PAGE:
I ran across an interesting book at the library last week called The Storytelling Animal: How Stories Make Us Human by Jonathan Gottschall.
His research delves into our inherent love of stories. Our ability to express ourselves with narratives has allowed us to share ideas, relate events, illustrate philosophies, and teach lessons. I think most people agree that things are easier for us to remember when we hear it through a story. We naturally pay greater attention to stories because they engage us both intellectually and emotionally.
In The Storytelling Animal Gottschall presents findings from neuroscience studies. Brain scans are proving to be very illuminating in a number of fields, and Gottschall reported that when our minds experience fiction they light up like the individual is actually experiencing the action and feelings directly instead of indirectly. We empathize with the characters instead of sympathize because we feel what they are going through. This is why when I am immersed in a narrative (either fiction or nonfiction) the world around me drops away and I am transported into the details and feelings of the story. Gottschall described our capacity for experiencing fiction as a computer flight simulator in our brains. We can imagine a situation in great detail, feel what it will be like, and think about what the outcomes may be without actually risking ourselves through direct action. Hearing or reading the stories of other people also lets us experience events and feelings beyond our personal experiences. This expands our knowledge and our ability to cope with new things.
Gottschall wrote "Fiction is a powerful and ancient virtual reality technology that simulates the big dilemmas of human life."
As a fantasy author, I know that my fiction genre is typically described as escapist. This is true, but Gottschall makes the point that escapist fiction does not appear to be whisking us away to happy worlds of foot massages and rainbows. Fiction focuses on problems, sometimes huge horrific dangerous problems like zombies have taken over and want to eat your brains. The author proposes that we seek fiction as a way of exploring big scary problems and thinking and feeling about how we might deal with them.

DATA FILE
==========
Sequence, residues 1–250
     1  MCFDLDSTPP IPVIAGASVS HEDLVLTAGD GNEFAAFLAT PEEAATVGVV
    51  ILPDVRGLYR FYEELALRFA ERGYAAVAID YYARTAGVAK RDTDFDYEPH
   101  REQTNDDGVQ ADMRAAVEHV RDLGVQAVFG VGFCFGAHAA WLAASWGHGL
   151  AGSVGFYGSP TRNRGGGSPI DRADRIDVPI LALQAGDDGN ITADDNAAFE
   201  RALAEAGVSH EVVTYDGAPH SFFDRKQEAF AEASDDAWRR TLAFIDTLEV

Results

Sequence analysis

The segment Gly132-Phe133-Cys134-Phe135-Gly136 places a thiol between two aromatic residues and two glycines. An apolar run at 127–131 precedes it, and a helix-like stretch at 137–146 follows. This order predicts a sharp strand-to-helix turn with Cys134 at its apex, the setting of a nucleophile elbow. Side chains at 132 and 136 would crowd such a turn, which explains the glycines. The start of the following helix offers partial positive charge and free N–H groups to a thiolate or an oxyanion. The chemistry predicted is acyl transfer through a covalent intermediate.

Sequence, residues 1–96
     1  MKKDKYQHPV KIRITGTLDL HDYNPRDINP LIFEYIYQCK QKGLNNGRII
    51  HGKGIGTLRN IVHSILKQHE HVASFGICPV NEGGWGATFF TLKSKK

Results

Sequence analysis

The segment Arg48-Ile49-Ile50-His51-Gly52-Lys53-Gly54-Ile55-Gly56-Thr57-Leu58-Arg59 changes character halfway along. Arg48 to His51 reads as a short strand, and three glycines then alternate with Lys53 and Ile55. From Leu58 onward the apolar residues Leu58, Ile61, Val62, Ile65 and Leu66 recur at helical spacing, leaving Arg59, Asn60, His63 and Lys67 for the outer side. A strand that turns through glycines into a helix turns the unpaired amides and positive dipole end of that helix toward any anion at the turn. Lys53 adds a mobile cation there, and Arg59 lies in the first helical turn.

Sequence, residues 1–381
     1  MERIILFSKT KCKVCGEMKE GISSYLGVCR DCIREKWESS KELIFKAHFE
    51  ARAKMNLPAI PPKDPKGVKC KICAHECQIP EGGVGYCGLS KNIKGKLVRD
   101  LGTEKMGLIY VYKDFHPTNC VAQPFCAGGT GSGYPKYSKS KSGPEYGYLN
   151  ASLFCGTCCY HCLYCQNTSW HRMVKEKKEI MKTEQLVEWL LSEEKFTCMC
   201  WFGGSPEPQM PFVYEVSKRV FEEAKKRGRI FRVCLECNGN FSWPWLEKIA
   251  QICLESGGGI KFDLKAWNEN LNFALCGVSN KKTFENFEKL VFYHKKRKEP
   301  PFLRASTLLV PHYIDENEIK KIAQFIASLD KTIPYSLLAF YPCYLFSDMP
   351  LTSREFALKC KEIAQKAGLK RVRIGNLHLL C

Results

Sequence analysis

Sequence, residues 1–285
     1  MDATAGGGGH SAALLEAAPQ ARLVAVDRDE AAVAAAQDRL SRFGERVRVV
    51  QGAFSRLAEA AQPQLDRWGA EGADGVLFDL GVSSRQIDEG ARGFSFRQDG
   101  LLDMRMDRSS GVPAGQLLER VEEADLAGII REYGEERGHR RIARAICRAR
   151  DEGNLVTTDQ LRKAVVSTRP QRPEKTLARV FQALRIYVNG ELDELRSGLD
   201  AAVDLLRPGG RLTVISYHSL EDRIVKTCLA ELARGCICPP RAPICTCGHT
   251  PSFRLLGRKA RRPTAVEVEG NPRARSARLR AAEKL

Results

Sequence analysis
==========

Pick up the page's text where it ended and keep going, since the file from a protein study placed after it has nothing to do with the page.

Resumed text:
Gottschall wrote "...if fiction offers escape, it is a bizarre sort of escape. Our various fictional worlds are -- on the whole -- horrorscapes. Fiction may temporarily free us from our troubles, but it does so by ensnaring us in new sets of troubles -- in imaginary worlds of struggle and stress and mortal woe."
I absolutely agree with him. These imaginary worlds of struggle and woe are so engaging for me as a writer and a reader. I want to think about what it would be like if I had to fight for my life. Or what it would feel like to be sold into slavery. Or what dealing with magical creatures might be like, and so on.
I found The Storytelling Animal to be both informative and validating. In chapter after chapter he shows how our entire species is hardwired for telling and enjoying stories. Experiencing things through our imaginations instead of only direct contact is a great human strength. Even when we sleep our dreams continue to generate experiences, and some of them are very intense.
Gottschall made the point that people really can't stand to be without stories. We like to hear them and we like to tell them. Throughout humanity's existence there have been people who were storytellers. They were a little better or at least more inclined to develop narratives for the enjoyment of others. Storytelling is natural to our species. We do it much more elaborately than a honeybee dancing out directions to some good flowers. Reading The Storytelling Animal let me know that I am not weird. Our species needs storytellers to feed the constant craving within all of us to experience feelings and challenges beyond our personal lives. Everyone wants to hear a story so some people have to step up and deliver.